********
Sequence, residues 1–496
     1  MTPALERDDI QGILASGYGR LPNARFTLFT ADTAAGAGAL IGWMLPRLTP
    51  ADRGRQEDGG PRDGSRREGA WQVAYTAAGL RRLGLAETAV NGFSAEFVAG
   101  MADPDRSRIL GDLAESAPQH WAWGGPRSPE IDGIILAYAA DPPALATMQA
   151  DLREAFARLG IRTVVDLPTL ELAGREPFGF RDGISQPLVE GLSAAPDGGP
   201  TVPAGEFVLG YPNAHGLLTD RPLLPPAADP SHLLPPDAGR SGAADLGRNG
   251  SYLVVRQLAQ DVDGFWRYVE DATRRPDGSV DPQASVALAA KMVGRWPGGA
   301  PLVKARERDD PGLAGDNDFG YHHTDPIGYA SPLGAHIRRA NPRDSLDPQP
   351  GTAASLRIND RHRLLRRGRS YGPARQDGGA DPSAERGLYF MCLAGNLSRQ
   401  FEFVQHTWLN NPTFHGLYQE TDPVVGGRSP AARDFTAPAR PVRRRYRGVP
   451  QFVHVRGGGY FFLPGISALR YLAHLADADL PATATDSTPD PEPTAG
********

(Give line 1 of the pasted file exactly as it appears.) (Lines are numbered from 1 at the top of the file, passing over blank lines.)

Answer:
Sequence, residues 1–496